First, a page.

And A 11-Step Guide To Prevent Termites From Invading Your Home
In this guide, you’ll find out what causes termites in your home.
You’ll get to know what things in your home and yard attract termites and the factors that enable it.
That’s not all.
You’ll also get a detailed plan to stop termites from invading your home.
What Attract Termites To Your House And Property?
It’s essential to know what attracts termites before you get into what causes termites to invade your home.
It’s because knowing the factors that attract termites will help you in the process of getting rid of them.
Here are the top four things that attract termites.
Woodpiles And Rotting Wood Attracts Termites To Your Home And Yard
Without wood, there won’t be termites. And the primary thing that causes termites is wood.
Wood contains cellulose which is the essential element that termites eat.
Cellulose is also present in the paper. So, that’s the reason why termites also eat and destroy books.
Rotting or fresh pieces of firewood piles in your yard will draw termites to your yard.
Firewood is one of the favorite types of wood for all species of termites.
That’s why it’s always better to follow specific ways to store firewood in your yard to protect them from termite invasion.
Termites of all types, including dampwood termites, can infest firewood.
Dampwood termites eat and nest in rotting and damp pieces of wood.
As rotting pieces of wood are not present in many homes, so chances of dampwood termite infestation in the interior of your home are pretty minimal.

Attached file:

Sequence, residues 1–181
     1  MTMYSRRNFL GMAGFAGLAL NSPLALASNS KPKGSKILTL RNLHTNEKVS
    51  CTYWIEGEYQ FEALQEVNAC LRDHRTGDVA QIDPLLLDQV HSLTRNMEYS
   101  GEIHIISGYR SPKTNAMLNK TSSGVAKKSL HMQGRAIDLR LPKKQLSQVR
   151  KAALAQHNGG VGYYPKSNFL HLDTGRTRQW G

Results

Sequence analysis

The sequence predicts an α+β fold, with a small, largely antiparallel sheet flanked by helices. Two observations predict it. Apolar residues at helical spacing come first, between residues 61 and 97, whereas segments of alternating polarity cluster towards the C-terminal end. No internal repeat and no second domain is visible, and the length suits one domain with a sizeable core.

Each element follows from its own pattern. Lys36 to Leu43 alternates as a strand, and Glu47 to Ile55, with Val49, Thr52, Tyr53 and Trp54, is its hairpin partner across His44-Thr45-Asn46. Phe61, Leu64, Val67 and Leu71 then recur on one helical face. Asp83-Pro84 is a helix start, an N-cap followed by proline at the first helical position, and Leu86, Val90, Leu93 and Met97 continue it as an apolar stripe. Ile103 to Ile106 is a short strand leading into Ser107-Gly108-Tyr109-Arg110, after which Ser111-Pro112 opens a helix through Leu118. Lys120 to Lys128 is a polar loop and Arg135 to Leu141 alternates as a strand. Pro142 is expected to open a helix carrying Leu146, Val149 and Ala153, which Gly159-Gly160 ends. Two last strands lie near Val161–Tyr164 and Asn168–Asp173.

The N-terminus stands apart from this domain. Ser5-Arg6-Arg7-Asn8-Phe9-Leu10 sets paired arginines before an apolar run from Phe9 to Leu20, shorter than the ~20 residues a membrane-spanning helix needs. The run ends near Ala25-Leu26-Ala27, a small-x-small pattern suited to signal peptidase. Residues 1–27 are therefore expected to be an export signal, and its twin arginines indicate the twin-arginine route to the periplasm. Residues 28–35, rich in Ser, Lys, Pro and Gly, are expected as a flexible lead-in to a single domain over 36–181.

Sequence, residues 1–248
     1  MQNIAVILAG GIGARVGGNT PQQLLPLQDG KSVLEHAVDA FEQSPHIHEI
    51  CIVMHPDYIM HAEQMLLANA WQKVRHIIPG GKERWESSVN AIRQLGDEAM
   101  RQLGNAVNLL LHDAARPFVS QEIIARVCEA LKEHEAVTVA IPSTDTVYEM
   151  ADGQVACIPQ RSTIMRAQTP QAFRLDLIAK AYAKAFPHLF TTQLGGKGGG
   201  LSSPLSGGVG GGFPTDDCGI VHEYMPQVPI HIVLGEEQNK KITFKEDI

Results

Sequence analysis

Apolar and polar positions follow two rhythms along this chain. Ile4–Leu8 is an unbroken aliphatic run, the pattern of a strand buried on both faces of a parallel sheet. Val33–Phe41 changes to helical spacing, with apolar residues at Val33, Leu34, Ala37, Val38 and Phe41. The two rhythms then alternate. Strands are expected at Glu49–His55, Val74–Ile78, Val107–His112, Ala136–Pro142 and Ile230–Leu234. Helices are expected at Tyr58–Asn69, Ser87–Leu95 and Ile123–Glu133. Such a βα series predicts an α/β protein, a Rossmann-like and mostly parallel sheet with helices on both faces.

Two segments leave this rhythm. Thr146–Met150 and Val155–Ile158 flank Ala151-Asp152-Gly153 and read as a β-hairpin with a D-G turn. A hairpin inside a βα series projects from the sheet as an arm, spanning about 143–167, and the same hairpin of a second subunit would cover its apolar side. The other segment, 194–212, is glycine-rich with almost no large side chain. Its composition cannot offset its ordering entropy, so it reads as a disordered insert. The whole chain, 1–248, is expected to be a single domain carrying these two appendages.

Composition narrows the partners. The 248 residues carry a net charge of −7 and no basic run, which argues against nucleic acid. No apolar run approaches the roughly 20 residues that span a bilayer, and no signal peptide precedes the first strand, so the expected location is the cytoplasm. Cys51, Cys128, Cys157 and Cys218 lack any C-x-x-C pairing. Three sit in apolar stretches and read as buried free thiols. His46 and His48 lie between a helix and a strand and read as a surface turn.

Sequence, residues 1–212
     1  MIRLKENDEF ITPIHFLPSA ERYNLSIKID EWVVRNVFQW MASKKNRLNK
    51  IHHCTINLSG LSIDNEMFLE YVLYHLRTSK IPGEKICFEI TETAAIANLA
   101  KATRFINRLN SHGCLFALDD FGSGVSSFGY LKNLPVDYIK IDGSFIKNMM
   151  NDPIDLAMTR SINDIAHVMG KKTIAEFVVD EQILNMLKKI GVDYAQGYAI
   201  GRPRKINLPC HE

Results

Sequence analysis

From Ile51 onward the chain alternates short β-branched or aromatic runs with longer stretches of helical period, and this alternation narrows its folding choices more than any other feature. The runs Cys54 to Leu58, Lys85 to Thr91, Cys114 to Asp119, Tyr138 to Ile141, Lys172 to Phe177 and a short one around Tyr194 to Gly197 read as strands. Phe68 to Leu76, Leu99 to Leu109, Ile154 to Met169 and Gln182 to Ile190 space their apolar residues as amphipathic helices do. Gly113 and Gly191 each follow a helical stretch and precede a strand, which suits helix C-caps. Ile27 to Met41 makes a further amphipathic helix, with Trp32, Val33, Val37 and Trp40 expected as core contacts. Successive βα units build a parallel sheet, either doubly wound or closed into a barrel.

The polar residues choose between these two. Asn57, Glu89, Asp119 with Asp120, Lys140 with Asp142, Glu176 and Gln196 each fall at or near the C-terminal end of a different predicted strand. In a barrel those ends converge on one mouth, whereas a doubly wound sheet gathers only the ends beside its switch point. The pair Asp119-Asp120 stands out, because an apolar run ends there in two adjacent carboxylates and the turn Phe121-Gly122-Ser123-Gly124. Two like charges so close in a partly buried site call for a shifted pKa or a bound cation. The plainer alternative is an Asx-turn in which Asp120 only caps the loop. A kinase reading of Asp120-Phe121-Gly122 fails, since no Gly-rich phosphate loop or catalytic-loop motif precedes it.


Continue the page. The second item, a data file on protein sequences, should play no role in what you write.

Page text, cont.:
Moisture In Your Home And Yard Attracts Termites
After wood, the second most essential thing that sustains termites is moisture.
Moisture gives the termites the necessary hydration to keep them alive.
That’s the reason why damp pieces of wood are more susceptible to termite attacks.
In homes, doors at the bathroom and kitchen are one of the first to get termite infestation because they’re damp.
Also, places like basements and unfinished cellars lock moisture. That makes these places highly prone to termite invasion.
Mulch In Your Yard Attracts Termites
Mulch is wood chips that many homeowners use to make their yards and gardens look good.
These wood chips are food termites. As you spread the mulches over the soil’s layer, so that makes it easy for subterranean termites.
Subterranean termites are a type of termite that invade wood and homes from underground.
But does that mean that you shouldn’t use mulch at all in your yard because of termites?
Of course not.
Some mulches repel termites. And they significantly reduce the chances of termite infestation in your home too.
Tree Stumps Attract Termites
Tree stumps in your yard are a perfect target for termites.